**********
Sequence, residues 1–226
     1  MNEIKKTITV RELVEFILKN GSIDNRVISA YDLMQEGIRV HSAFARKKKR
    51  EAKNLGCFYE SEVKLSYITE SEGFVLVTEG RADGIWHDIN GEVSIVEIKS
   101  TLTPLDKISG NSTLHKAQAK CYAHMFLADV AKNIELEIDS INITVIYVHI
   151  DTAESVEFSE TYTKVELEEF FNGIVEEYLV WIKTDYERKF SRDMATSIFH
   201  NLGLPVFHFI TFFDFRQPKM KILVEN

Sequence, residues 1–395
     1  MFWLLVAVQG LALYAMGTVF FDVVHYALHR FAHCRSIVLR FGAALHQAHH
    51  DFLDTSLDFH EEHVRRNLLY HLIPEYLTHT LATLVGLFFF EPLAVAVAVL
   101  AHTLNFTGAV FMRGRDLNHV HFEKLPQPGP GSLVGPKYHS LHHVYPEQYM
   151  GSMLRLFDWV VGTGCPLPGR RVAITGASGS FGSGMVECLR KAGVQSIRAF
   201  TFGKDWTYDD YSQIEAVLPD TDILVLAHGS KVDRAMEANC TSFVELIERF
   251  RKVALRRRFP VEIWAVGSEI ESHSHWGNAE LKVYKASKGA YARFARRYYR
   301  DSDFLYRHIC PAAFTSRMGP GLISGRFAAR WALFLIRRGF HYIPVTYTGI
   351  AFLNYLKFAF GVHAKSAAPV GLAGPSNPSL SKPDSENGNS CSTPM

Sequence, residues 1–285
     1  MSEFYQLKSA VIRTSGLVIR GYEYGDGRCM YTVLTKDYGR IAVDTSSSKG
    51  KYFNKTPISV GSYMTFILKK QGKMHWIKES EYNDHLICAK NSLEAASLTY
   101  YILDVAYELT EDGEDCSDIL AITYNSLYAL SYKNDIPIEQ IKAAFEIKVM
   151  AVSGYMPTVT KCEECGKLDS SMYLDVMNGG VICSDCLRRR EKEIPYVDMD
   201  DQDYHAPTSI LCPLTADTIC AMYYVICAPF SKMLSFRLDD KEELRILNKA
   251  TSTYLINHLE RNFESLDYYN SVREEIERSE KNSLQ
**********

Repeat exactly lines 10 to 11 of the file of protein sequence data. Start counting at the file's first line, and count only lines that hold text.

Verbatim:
   101  AHTLNFTGAV FMRGRDLNHV HFEKLPQPGP GSLVGPKYHS LHHVYPEQYM
   151  GSMLRLFDWV VGTGCPLPGR RVAITGASGS FGSGMVECLR KAGVQSIRAF